Its been a while I was thinking about integration vs unit testing. Lots of googling, questions in stack overflow and looking in many books. In this post I would like share with you the information I have found and what decision I arrive at this. I think if you put this question to any Java developer, you will get an answer supporting the unit test instantaneously. They will tell you that if you can not do unit testing, the unit of code you have written is large and you have to bring it down to multiple testable unit. I have found these questions in Stack OverflowIntegration Testing best practices Integration vs Unit Testing Junit: splitting integration test and Unit tests What is an integration test exactly?useful in getting a good understanding of both terminologies. Unit testing is widely followed in Java domain with most of the projects now also enforcing the code coverage and unit testing. Integration testing is relatively new and misunderstood concept. Even through it is practiced much less than, unit testing there can be various uses of it. Lets take a simple user story and revisit both. Lets consider it with a user story User will give an INPUT in a UI form and when the submit button is clicked, the PROCESSED output should be shown in the next page. Since the results should be editable, both INPUT and OUTPUT should be saved in the database. Technical Design Lets assume that our application will grow rapidly in the future and we will design it now keeping that in mind.As shown in the above image it is a standard 4-tier design with view, service, dao. It has a application layer which contains the logic of how to convert the input into output. To implement the story we wrote 5 methods(1 in service, 2 dao to save input and output, 1 contains the business and 1 method in view layer to prepare the input.) Writing some Unit test cases If we were to unit test the story, we need to write 5 tests. As the different layers are dependent, we might need to use mock objects for testing. But apart from one method in application layer that does the original process, is there any need to unit test the other part? For example the method, public void saveInput(Input input){ Session session = sessionFactory.getCurrentSession(); session.save(input); }When you unit test this, you will typically use a mock object of sessionFactory and the code will always work. Hence I don’t see much point in wiring a unit test here. If you observe carefully, apart from the application layer, all the other methods will be similar to what we have discussed. What can we achieve with integration test? Read here as a heads up for the integration test. As we have seen most of the unit tests for this story were not effective. But we can’t skip testing as we want to find out the code coverage and make our code self testing. According to Martin flower in his article about Continuous Integration you should write the code that can test the other code. I fell the good integration tests can do this for you. Lets write a simple integration test for this situation, @Configurable(autowire = Autowire.BY_NAME) @RunWith(SpringJUnit4ClassRunner.class) @ContextConfiguration(locations = {"classpath:applicationContext.xml"}) public class SampleIntTest { @Autowired private SamService samService; @Test public void testAppProcessing(){ Input input = new Input(); //prepare input for the testing. Output output = samService.processInputs(input); //validate outpt gainst the given input. if(!isValidate(input,output)){ Assert.fail("Validation failed!"); } }I have skipped the view layer here as it not so relevant. We are expecting the INPUT from the UI in a bean Input and that’s that we will have in the service layer. Here, With this few line of coding, you can achieve the full functionality of the application from the service layer. It is preferred to use a in-memory database like H2 for integration tests. If the table structure is complicated it may not be possible in that case,you can use a test instance of DB and prepare a script to delete all the data and run it as part of the test so that the DB state is restored back. This is important because in the next run the same data will be saved again. Another advantage of integration tests is that if you are changing the implementation the test need not be changed because it is concerned with the input and output.This is useful in refactoring the code without change in the test code. Also, you can schedule these tests to measure the stability of the application and any regression issues can be caught early. As we have seen, integration test are easy to write and are useful, but we need to make sure it does not replace the unit testing completely. When ever there is a rule base system(like the LogicalProcesser in our case) it should be mandatory because you can’t cover all the scenarios with the integration test. So as always JEE is about making choice asnd sticking to it. For the last few months we were practicing it in our teams and it is really going well. Currently we made integration test mandatory and unit tests and optional. Always review the code coverage and make sure you get good coverage in the core of the system(the LogicalProcesser in our case). Reference: When to replace Unit Tests with Integration Test from our JCG partner Manu PK at the “The Object Oriented Life” Blog. Related Articles :Regular Unit Tests and Stubs – Testing Techniques 4 Code coverage with unit & integration tests Java RESTful API integration testing Spring 3 Testing with JUnit 4 – ContextConfiguration and AbstractTransactionalJUnit4SpringContextTests Mock Static Methods with PowerMock Java Tutorials and Android Tutorials list...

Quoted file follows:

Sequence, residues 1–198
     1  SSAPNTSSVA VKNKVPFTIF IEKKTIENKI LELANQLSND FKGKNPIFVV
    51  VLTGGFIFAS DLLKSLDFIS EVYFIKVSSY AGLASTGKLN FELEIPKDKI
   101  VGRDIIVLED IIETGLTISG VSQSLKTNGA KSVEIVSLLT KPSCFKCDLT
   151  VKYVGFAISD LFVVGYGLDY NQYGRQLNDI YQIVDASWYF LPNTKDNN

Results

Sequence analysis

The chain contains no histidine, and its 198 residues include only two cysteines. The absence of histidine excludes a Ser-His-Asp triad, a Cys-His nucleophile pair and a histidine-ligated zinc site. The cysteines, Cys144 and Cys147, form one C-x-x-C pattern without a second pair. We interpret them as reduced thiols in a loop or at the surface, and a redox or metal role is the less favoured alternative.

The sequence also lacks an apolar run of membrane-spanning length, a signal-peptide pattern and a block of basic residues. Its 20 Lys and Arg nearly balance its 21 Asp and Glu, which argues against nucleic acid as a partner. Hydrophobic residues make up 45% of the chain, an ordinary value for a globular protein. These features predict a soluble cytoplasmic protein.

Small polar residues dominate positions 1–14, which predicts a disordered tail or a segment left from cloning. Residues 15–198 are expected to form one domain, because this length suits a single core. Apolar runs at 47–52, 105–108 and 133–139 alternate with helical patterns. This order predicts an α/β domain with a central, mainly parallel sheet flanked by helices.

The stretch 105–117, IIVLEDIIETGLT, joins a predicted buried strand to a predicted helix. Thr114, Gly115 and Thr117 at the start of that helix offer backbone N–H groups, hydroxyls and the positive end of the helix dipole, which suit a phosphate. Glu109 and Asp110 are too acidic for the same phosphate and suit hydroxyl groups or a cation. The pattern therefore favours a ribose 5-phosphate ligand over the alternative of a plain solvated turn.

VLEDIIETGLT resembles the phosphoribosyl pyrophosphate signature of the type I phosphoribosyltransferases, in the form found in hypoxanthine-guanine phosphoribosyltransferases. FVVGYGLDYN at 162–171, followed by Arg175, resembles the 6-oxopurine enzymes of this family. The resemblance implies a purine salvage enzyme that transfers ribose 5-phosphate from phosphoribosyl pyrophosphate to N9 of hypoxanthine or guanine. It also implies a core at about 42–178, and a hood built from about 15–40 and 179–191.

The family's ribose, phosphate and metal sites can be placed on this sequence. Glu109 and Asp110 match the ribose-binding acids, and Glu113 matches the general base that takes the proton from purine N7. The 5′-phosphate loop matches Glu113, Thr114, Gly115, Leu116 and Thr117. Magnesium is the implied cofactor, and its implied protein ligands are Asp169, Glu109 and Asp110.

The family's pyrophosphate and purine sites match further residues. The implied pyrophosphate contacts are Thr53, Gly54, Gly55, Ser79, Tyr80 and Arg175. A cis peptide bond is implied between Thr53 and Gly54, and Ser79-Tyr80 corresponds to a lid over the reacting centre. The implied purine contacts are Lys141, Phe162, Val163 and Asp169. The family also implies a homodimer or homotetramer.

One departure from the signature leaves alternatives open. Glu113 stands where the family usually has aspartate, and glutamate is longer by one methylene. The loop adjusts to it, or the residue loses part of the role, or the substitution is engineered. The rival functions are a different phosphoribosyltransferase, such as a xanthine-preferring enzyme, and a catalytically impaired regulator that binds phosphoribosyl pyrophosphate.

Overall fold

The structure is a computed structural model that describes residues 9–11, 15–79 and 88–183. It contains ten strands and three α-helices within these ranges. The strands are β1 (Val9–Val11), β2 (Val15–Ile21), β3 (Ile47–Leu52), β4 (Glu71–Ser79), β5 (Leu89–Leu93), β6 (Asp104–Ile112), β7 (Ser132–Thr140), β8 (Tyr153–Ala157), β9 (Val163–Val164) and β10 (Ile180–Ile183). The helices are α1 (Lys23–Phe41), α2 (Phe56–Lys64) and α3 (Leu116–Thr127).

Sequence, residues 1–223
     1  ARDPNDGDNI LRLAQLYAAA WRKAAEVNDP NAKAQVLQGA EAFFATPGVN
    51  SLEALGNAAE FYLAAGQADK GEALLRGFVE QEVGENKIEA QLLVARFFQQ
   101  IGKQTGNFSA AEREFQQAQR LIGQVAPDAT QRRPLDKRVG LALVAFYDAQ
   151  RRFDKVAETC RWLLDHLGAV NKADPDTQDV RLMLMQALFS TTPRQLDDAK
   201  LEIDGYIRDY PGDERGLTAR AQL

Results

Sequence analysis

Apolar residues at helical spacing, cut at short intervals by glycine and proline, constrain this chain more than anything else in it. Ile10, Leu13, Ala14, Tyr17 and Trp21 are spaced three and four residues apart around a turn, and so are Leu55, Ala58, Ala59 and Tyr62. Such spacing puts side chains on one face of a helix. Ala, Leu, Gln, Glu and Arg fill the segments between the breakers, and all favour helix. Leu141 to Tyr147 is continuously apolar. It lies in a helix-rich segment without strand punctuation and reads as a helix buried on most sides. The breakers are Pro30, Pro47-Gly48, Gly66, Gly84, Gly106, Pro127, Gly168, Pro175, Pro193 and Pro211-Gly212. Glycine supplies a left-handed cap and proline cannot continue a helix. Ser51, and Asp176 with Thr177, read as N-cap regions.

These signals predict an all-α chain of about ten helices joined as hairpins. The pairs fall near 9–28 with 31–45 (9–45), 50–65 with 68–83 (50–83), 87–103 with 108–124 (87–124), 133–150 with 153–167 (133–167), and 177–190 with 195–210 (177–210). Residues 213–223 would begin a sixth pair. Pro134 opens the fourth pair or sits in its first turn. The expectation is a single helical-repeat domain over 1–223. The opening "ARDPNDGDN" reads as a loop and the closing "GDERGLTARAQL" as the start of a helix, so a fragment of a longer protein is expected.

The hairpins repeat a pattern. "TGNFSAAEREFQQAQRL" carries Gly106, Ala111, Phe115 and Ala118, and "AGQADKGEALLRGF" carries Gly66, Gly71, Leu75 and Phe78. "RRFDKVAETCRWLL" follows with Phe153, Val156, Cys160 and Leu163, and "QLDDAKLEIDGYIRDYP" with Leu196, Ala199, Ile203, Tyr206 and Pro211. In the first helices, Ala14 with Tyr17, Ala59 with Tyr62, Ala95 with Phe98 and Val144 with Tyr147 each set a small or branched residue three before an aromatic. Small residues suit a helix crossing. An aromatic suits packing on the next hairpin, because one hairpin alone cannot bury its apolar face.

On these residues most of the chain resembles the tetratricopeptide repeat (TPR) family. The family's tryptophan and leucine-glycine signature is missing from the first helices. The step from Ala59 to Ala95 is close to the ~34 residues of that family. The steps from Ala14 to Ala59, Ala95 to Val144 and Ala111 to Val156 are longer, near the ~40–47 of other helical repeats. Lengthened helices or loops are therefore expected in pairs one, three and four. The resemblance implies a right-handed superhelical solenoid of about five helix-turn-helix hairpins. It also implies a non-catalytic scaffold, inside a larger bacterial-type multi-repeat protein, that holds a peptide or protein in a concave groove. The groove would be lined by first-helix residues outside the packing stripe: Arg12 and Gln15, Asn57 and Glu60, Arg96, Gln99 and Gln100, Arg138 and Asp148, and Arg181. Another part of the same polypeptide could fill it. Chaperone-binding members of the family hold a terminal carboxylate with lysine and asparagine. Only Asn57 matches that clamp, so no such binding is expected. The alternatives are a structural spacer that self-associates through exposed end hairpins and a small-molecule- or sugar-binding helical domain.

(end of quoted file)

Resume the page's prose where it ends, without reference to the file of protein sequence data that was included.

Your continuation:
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SOLID – Open Closed Principle